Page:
Cheryl Jean DOWNING, Plaintiff, Cross-Defendant and Appellant, v. BARRETT MOBILE HOME TRANSPORT, INC., and Newton Wilson Mikesell, Defendants, Cross-Complainant and Respondents.
This is an auto vs. truck case wherein each driver sued the other for personal injuries sustained in the accident. A jury decided that neither was entitled to recover. The car driver advances the following arguments on appeal: (1) the court erred in its instructions to the jury; (2) the truck driver was negligent as a matter of law; and (3) the trial court erred in permitting improper cross-examination.
The accident occurred about 8:30 a.m. on April 2, 1971 on State Highway No. 74 near the intersection of Sanderson Road in an unincorporated area approximately three miles west of Hemet. Cheryl Jean Downing (Plaintiff) was driving a 1970 Datsun on her way to work at Rancho California. Newton Wilson Mikesell was driving a 1969 GMC tractor and was hauling a mobile home (‘trailer’) for delivery to Phoenix upon behalf of his employer, Barrett Mobile Home Transport, Inc. (Defendants). Both the car and truck were proceeding west on Route 74-a four lane road with two eastbound and two west-bound lanes.
The trailer was 64 feet long and 12 feet wide; at the rear thereof were a ‘wide load’ sign and flags. The truck was equipped with two side-view mirrors, one on each side of the cab. However, the truck driver never saw the plaintiff prior to the collision.
The accident occurred in a 65 m.p.h. zone. Plaintiff's car was overtaking defendant's truck prior to impact. The truck driver intended to turn right at Sanderson Road. Preparatory to making the right turn, the truck-trailer moved from the slow lane (lane 2), in which plaintiff's car was then proceeding, partially into the fast lane (lane 1), partially blocking both lanes.
Plaintiff testified that she saw the truck when it was 75 yards in front of her; suddenly, it made a change from the No. 2 lane into the No. 1 lane; she thought the truck was going to turn left; she did not see the defendant apply his brakes, slow down or activate the turn signals; she tried to stop but her wheels locked; she veered to the right towards the shoulder, missing the trailer as she sped past it on its right; she collided with the right front fender and bumper of the defendant's truck, which was in the middle of its turn.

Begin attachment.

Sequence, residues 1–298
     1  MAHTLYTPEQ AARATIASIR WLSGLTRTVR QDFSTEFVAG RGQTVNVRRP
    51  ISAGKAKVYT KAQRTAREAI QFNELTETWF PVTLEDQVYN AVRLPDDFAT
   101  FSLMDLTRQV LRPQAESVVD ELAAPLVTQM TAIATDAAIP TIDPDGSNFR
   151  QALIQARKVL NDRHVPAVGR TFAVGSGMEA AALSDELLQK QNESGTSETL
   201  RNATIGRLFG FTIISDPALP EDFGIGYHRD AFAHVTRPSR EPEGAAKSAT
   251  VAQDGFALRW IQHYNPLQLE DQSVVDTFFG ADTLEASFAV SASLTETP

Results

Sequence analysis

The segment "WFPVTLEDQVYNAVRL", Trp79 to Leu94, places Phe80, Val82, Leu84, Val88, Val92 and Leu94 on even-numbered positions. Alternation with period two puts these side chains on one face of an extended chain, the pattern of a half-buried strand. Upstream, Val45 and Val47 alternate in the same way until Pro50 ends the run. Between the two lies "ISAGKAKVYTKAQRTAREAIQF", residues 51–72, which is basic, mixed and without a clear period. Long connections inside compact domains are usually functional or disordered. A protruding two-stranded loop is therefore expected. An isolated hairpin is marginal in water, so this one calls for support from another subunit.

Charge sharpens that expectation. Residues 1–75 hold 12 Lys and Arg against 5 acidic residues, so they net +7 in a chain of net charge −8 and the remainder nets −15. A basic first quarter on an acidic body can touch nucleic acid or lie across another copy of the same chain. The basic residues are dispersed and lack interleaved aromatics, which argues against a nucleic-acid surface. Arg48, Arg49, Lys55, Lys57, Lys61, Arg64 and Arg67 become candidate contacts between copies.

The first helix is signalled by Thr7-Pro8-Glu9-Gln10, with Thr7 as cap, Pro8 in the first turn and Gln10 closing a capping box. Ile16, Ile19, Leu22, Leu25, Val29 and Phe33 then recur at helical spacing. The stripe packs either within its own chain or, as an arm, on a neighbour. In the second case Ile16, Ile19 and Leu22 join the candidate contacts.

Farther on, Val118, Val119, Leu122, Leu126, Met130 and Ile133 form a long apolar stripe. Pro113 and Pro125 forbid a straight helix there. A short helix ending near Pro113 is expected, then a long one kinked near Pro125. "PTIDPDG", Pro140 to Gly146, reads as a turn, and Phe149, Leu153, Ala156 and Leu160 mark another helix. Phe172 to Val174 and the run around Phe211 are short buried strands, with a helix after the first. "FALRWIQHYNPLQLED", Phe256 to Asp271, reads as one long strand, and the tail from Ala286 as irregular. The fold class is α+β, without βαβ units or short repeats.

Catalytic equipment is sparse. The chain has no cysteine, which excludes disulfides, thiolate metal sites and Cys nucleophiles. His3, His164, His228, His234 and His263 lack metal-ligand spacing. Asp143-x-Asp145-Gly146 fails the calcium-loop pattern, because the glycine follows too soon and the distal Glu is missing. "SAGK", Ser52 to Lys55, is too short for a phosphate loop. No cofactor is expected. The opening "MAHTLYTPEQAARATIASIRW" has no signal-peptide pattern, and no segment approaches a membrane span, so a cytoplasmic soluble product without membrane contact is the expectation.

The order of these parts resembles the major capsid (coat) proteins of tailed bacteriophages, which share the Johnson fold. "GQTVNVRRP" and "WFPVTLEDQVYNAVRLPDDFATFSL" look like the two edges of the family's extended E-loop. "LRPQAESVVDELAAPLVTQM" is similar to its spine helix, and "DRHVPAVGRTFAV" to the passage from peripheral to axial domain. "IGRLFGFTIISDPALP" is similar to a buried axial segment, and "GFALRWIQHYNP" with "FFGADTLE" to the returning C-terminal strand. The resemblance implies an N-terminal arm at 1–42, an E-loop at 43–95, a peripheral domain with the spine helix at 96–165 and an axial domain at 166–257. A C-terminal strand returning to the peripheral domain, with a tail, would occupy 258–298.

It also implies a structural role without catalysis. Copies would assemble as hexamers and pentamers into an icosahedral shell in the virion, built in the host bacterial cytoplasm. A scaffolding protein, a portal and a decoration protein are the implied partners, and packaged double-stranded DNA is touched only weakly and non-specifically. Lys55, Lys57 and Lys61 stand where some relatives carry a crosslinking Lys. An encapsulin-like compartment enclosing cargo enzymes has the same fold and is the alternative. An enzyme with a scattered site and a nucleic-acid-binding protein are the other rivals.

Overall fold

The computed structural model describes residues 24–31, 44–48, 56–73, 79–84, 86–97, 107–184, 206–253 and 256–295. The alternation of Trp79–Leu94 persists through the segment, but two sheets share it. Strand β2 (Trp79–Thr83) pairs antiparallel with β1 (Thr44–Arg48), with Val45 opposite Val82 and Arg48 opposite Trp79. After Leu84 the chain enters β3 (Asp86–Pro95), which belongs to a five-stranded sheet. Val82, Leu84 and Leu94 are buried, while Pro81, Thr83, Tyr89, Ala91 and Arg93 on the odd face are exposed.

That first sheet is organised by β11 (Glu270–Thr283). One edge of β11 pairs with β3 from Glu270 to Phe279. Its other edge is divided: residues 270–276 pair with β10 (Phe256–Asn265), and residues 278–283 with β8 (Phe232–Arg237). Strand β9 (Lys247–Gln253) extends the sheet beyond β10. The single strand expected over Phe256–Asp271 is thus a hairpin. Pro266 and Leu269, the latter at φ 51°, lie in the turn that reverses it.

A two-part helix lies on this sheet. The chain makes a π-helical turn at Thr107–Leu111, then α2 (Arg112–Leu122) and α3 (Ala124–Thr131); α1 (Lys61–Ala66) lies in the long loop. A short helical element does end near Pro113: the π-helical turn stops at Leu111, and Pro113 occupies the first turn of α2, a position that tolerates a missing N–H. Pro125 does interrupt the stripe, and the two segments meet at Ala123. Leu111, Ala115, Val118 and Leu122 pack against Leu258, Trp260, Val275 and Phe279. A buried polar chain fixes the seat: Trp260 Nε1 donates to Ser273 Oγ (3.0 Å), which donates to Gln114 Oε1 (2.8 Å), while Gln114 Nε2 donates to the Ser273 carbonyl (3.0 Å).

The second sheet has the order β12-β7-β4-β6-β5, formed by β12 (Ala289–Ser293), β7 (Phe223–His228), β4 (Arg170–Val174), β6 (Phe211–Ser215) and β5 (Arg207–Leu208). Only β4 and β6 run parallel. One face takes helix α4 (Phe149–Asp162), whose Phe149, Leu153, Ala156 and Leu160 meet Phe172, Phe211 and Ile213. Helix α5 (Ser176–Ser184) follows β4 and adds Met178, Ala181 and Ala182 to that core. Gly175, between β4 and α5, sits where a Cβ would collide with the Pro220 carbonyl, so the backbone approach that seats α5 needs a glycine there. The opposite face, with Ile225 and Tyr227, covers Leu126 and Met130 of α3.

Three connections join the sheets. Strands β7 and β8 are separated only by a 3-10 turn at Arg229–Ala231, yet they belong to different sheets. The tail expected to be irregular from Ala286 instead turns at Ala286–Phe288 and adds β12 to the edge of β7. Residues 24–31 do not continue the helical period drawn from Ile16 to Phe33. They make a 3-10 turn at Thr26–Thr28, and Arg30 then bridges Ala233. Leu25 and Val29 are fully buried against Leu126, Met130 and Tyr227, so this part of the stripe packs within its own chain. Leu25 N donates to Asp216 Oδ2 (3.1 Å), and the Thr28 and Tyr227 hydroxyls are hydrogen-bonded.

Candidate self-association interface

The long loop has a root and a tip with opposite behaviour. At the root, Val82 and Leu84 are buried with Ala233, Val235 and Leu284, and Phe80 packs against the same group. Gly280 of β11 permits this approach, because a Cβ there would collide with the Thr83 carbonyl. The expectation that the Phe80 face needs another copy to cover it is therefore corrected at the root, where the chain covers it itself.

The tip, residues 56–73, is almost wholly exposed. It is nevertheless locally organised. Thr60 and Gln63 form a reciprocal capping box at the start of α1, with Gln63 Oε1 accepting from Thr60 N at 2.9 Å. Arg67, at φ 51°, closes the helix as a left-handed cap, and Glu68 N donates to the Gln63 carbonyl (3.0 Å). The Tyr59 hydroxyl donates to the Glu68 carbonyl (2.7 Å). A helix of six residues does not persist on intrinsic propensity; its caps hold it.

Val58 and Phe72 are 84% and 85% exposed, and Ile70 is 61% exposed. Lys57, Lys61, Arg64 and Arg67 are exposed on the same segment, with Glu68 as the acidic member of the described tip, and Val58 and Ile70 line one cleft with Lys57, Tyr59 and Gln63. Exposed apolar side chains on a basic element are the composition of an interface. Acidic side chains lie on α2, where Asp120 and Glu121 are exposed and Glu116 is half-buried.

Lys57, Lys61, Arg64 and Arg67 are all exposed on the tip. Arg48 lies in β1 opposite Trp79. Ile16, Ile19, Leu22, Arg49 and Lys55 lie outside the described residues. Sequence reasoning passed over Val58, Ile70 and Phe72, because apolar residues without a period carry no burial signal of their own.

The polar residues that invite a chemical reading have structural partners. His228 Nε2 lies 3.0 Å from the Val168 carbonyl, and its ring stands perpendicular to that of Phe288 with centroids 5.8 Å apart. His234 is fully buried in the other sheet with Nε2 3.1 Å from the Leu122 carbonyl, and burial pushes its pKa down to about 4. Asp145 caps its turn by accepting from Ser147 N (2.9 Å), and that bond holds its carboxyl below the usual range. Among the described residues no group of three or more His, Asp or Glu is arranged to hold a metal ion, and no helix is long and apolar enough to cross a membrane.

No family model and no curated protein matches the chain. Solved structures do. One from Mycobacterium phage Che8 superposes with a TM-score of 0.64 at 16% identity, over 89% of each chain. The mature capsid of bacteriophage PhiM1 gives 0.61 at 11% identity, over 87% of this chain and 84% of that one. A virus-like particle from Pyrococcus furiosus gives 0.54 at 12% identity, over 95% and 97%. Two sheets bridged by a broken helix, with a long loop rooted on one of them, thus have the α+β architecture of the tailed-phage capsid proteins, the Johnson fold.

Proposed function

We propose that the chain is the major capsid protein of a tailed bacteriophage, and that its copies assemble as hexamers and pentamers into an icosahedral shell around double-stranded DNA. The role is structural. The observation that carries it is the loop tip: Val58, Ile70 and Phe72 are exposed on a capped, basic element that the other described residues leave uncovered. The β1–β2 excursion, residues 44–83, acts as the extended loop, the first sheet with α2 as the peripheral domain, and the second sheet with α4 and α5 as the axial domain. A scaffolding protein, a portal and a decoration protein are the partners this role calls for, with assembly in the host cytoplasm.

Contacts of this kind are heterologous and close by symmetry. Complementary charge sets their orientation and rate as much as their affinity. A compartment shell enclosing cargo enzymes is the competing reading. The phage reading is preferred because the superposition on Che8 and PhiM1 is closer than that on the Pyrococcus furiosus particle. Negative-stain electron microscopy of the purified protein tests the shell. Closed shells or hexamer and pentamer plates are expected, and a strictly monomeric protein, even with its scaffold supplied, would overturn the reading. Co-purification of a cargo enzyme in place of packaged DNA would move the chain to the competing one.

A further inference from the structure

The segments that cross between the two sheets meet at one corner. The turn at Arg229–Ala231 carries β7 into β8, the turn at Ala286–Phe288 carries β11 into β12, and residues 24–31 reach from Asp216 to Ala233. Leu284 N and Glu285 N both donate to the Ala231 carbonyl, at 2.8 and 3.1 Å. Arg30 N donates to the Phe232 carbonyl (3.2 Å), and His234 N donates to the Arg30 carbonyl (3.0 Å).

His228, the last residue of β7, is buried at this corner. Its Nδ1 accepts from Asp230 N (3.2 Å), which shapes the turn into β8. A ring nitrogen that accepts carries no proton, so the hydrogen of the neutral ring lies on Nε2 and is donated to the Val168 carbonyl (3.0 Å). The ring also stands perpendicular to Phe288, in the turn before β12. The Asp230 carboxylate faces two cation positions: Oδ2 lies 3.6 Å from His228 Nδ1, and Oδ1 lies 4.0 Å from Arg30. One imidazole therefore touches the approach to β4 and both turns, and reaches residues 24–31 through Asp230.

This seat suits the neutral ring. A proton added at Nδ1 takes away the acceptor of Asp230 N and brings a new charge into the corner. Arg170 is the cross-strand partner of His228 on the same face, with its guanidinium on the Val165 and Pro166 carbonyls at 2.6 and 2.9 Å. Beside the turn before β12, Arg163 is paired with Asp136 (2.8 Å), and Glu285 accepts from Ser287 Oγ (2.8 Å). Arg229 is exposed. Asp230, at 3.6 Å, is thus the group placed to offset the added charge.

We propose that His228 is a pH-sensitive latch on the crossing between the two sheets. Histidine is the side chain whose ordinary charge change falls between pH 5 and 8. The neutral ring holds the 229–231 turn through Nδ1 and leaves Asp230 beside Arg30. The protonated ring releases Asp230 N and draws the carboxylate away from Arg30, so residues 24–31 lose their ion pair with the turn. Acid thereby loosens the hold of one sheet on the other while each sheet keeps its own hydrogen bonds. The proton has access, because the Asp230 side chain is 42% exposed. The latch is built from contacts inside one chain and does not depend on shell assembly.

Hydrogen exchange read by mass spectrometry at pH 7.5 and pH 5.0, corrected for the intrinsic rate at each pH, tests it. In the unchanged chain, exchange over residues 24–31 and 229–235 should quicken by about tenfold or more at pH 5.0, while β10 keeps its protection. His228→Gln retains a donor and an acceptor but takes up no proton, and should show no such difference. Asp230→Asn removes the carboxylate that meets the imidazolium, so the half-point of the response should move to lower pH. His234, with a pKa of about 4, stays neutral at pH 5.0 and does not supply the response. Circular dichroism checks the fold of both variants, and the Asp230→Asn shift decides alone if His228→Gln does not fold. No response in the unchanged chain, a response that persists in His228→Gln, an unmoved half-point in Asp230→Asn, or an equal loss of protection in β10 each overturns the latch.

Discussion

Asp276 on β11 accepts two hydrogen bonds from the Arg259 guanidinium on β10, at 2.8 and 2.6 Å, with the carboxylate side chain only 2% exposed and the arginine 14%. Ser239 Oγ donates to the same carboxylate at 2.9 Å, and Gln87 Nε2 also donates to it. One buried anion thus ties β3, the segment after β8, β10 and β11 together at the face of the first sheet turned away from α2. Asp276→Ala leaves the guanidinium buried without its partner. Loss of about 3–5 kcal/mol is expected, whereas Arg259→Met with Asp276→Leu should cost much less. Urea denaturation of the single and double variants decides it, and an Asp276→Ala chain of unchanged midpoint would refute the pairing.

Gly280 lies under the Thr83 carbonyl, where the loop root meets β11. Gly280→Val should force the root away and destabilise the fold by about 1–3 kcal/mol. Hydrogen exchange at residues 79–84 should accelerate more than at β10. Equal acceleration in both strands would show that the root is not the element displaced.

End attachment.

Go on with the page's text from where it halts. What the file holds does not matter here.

Turning to the issues on appeal, plaintiff first maintains that the trial court committed reversible error in rendering the following instruction: ‘The driver of a vehicle overtaking another vehicle proceeding in the same direction shall pass to the left at a safe distance without interfering with the safe operation of the overtaken vehicle. . . .’ (Veh.Code, s 21750.) Plaintiff argues that the instruction should not have been given because it reflects the rule governing normal overtaking and passing; that the truck herein was making a right turn; therefore, there was no evidence to support the rendition of the instruction.
While the foregoing instruction was not entirely applicable herein, plaintiff did not request amplification or proffer an instruction as to when a driver may pass on the right. Plaintiff's failure to complain below of the incompleteness of the instruction given—and thus to enable the trial court to remedy its omission—forfeits her right to complain of it now. (Ornales v. Wigger, 35 Cal.2d 474, 218 P.2d 531; Marcus v. Palm Harbor Hospital, Inc., 253 Cal.App.2d 1008, 61 Cal.Rptr. 702; Mula v. Mayer, 132 Cal.App.2d 279, 282 P.2d 107; Kuehn v. Lowthian, 124 Cal.App.2d 867, 269 P.2d 666; Sherrillo v. Stone & Webster Eng. Corp., 110 Cal.App.2d 785, 244 P.2d 70; 4 Witkin, California Procedure (2d ed. 1971) Trial, s 194 at 3013.)
Plaintiff argues that the trial court should have given the following instruction which governs cases where the rear vehicle (as here) is passing to the right: ‘The driver of a motor vehicle may overtake and pass to the right of another vehicle only under the following conditions: (a) When the vehicle overtaken is making or about to make a left turn. . . . (c) Upon any highway outside of a business or residence district with unobstructed pavement of sufficient width and clearly marked for two or more lines of moving traffic in the direction of travel.’ (Veh.Code, s 21754.)
Although the foregoing instruction would have been appropriate, plaintiff failed to request it. In a civil case, each of the parties must propose complete and comprehensive instructions in accordance with his theory of the litigation; if the parties do not do so, the court has no duty to instruct on its own motion. (Phillips v. Noble, 50 Cal.2d 163, 323 P.2d 385; Barrera v. De La Torre, 48 Cal.2d 166, 308 P.2d 724; Switzer v. State of California, 269 Cal.App.2d 627, 75 Cal.Rptr. 371; Gaspar v. Georgia Pac. Corp., 248 Cal.App.2d 248, 56 Cal.Rptr. 243; 4 Witkin, California Procedure (2d ed. 1971) Trial, s 194 at 3013.)
Plaintiff next contends that the truck driver was negligent as a matter of law in that he failed to signal before turning (Veh.Code, s 22107) and that the jury obviously found negligence on his part in that it decreed that he take nothing by way of his cross-complaint. But assuming, Arguendo, that the truck driver was negligent as a matter of law, the issue of contributory negligence may not be ignored.